Morgen: I’m sure they’d like either. If you had to choose a single day from your past to re-live over and over, what day would it be and why?
Michael: Alas, I can’t think of one. I’m more of a forward-thinking person.
Morgen: Probably wise. Is there a word, phrase or quote you like?
Michael: "It is better to keep your mouth closed and let people think you are a fool than to open it and remove all doubt." -- Mark Twain
Morgen: I love that. What do you do when you’re not writing?
Michael: I work out daily at the YMCA and help train some teens over there. I like going to the movies. I enjoy reading – I’m always reading two or three books at the same time.
Morgen: I’m a big movie fan and have a season ticket for the local multiplex. I usually hammer it but have been particularly busy recently. Are there any writing-related websites and / or books that you find useful?
Michael: Writer’s Digest sometimes has some useful tips. I don’t subscribe to the magazine, but I get email updates from them that are occasionally helpful.
Morgen: I think we do have the Writer’s Digest in the UK but an imported version. I subscribe to so many already (Writing, Writers’ News, Mslexia, New Writer) that I struggle to keep up with what I have.
Morgen: What do you think the future holds for a writer?
Michael: Obviously, ebooks are the future. Much as I love holding actual books in my hand, I suspect in the not-too-distant future we’ll all be reading from Kindles and iPads. Oh, well . . .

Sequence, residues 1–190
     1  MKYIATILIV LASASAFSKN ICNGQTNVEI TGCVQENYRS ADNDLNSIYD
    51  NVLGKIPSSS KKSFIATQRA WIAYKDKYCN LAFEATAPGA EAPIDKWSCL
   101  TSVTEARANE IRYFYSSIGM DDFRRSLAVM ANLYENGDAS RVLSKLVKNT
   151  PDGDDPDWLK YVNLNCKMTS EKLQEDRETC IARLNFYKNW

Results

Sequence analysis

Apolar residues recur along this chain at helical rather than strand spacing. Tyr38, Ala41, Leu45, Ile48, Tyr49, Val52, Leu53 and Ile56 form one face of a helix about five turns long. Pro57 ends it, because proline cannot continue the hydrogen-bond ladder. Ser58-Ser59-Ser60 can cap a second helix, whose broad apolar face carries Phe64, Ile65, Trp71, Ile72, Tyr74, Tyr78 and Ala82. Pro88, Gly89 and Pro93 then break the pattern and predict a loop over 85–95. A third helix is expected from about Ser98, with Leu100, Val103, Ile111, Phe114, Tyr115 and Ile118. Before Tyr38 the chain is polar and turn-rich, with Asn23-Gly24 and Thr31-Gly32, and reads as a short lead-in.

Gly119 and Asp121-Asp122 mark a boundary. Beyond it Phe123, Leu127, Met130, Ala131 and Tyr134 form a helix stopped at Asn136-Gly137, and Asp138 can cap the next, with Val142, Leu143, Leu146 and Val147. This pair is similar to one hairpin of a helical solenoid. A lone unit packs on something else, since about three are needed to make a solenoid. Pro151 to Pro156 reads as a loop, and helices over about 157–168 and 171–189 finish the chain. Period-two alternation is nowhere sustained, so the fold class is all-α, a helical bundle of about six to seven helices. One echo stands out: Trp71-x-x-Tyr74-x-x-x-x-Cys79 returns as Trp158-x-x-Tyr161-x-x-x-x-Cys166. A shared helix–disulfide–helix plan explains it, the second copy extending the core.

Morgen: I think we’ll have both, less paperbacks, and the hardback may disappear, but I do know of people who have loved an eBook so much that they’ve then bought the paperback. Where can we find out about you and your writing?
Michael: My website is: http://michaeljbowler.webs.com.
Morgen: Is there anything else you’d like to mention?
Michael: Keep an eye out for Children of the Knight. My hope is that book will spark some debate about how we treat children in this country.
Morgen: It’s a problem everywhere, there’s almost always something in the news (there was today) about children being treated badly. It’s amazing how many people have children and yet don’t seem to really want them. Is there anything you’d like to ask me?
Michael: What made you decide to start this blog and how much time does it take you each day to maintain it?
Morgen: <laughs> It takes pretty much all my time but that’s the associated emails. I started it as I’d heard it was a good things to do and it took off from there. I love it and the feedback has been fantastic, I think because there’s so much to read and so many options to be involved in… the downside is that I get 100+ emails a day but better that than twiddling my thumbs. :) Thank you, Michael.